spaceSpace and Physics

NASA Is Going To Run Its First Ever Competition In Space In 2019 With $5 Million Up For Grabs


Jonathan O'Callaghan

Senior Staff Writer

The competitors will launch on the Space Launch System (SLS) rocket in 2019. NASA

Flying somewhat under the radar, NASA has told IFLScience it will hold its first ever competition in space in two years, with prizes totaling $5 million up for grabs.

The competition is called the Cube Quest Challenge. Teams will launch small CubeSat satellites, about the size of a loaf of bread, as secondary payloads on the inaugural launch of the Space Launch System (SLS) rocket in 2019.


There are two parts of the competition. One will see teams race to 4 million kilometers (2.5 million miles) above Earth; the other will involve a literal race around the Moon.

“This is the very first time NASA has conducted a competition in space!” Jim Cockrell, the Cube Quest Challenge administrator at NASA’s Ames Research Center in California, told IFLScience.

The first competition is called the Deep Space Derby. Two teams are currently signed up, CU-E3 from the University of Colorado, Boulder, and Miles, a group of citizen scientists and engineers. After launching on the SLS, they will have to send their CubeSats to an altitude of at least 4 million kilometers, proving their location by emitting radio signals picked up by antennae on Earth.

CU-E3 putting their CubeSat together. Team CU-E3/NASA

Once here, there will be a number of prizes on offer for each team. The ultimate goal is to test out technologies for communicating at this distance, making this more a technical competition than a scientific one.


The biggest prize in this derby is $750,000, awarded to the team that sends the most data back to Earth over a 28-day period. The team that operates the longest will be awarded $225,000, while the biggest burst of data in a 30-minute period has an award of up to $250,000.

The team that sends data back from the greatest distance, beyond 4 million kilometers, stands to win up to $250,000. CU-E3, for example, says their CubeSat can reach a distance of up to 27 million kilometers (17 million miles).

The data, sent in 1024-bit “data blocks”, has to be in a specific format in order to win. The data must also be free of errors in order for a panel of judges to deem it successful.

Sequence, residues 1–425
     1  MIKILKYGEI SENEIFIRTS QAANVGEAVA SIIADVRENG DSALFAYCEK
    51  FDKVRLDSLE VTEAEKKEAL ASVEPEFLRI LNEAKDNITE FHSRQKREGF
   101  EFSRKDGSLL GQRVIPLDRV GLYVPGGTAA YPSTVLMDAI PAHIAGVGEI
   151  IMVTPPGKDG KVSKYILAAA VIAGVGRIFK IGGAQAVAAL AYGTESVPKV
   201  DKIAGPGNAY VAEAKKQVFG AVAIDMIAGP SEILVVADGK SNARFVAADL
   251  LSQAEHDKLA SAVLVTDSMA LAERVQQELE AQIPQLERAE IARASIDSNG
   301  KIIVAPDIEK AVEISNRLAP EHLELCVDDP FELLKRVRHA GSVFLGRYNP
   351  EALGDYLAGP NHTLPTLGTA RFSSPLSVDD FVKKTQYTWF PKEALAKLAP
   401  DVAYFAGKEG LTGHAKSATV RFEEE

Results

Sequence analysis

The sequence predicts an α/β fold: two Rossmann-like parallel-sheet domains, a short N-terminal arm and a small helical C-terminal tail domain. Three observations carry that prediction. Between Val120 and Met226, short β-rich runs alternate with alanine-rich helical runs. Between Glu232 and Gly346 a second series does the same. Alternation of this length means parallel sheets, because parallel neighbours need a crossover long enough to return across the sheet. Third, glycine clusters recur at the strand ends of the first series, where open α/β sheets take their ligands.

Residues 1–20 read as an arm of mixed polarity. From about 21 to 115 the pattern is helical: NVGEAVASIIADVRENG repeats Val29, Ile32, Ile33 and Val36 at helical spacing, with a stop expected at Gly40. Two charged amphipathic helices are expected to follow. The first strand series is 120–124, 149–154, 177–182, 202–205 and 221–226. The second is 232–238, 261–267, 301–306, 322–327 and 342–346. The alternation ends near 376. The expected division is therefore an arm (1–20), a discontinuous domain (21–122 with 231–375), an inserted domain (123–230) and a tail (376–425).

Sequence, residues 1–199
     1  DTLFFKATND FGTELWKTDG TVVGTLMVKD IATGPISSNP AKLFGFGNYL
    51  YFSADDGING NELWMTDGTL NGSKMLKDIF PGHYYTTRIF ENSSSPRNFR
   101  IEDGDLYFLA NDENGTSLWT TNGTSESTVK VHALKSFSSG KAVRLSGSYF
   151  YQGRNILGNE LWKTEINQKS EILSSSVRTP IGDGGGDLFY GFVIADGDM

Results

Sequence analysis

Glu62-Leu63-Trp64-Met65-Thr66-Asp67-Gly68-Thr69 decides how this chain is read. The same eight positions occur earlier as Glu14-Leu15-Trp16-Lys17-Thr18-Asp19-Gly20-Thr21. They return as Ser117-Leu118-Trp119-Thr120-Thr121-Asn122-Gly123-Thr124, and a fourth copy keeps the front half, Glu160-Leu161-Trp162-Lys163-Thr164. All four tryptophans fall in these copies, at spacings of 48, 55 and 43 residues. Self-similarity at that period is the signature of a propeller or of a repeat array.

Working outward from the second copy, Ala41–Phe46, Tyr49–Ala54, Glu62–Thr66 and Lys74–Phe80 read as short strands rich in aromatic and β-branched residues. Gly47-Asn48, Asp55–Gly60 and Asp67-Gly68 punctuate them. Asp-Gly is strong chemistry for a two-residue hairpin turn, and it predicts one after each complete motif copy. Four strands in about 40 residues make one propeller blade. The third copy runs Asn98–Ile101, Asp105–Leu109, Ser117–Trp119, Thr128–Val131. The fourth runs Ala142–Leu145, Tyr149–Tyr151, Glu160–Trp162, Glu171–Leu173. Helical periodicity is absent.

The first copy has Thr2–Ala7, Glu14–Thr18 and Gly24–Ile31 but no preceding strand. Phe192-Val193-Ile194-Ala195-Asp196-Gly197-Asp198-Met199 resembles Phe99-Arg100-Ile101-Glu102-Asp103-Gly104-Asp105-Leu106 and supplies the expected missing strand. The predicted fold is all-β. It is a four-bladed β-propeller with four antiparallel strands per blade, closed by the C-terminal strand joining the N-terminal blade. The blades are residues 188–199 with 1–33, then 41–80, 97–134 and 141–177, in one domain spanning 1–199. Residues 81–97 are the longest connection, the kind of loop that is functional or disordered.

“Competitors CubeSats use software code on board their spacecraft to generate sequences of data based on prescribed algorithms and protocols,” said Cockrell. “Judges can reconstruct the correct sequence of the data, using the same algorithm, to verify authenticity of the generated data.”


The teams can use their own ground stations to retrieve the data, although NASA will listen in on the transmission stop and start times to verify it was successful.

Two CubeSats will go to deep space, and one to lunar orbit. Dima Zel/Shutterstock

As for the Lunar Derby, things are a bit different. At a distance of 384,000 kilometers (239,000 miles), this will be 10 times closer than the Deep Space Derby, but no less impressive.

Teams will be asked to complete an orbit of the Moon, and the first to do so will win up to $1 million. They’ll need to complete one full orbit to win. Only one team, Cislunar Explorers from Cornell University in New York, is currently signed up for this contest. More teams can enter, though, even if they launch on other rockets.

“A lunar orbit is defined as at least one complete orbit of minimum distance always above the lunar surface of 300 kilometers [190 miles],” said Cockrell, noting that the maximum distance cannot exceed 10,000 kilometers (6,200 miles). As with the Deep Space Derby, they’ll need to provide proof via radio signals that they are in lunar orbit.


Due to the pesky inverse square law, it will be 100 times more difficult to communicate from 4 million kilometers than from lunar orbit. However, both will be pretty mean feats; no private spacecraft has ever orbited the Moon.

A rendering of Cislunar Explorers' spacecraft. Cornell University/Cislunar Explorers Team

That might change later this year of course, with the Google Lunar XPRIZE set to take place. This NASA challenge is actually very reminiscent of an XPRIZE, using cash prizes to incentivize teams to make technological breakthroughs.

While this challenge is all about demonstrating technology, the results may prove useful for future exploration. NASA is considering using CubeSats for future missions, so it’s keen to learn how best to employ these miniature spacecraft, which are far, far cheaper and smaller than more conventional spacecraft.

“NASA expects that future missions to the moon, Mars, near-Earth objects and other destinations can be accomplished using CubeSats in novel and more affordable ways than is currently done with conventional large space probes,” said Cockrell.


And if that’s achieved by having spacecraft race millions of kilometers into space, then sign us up. Space Race 2019 is well and truly on.


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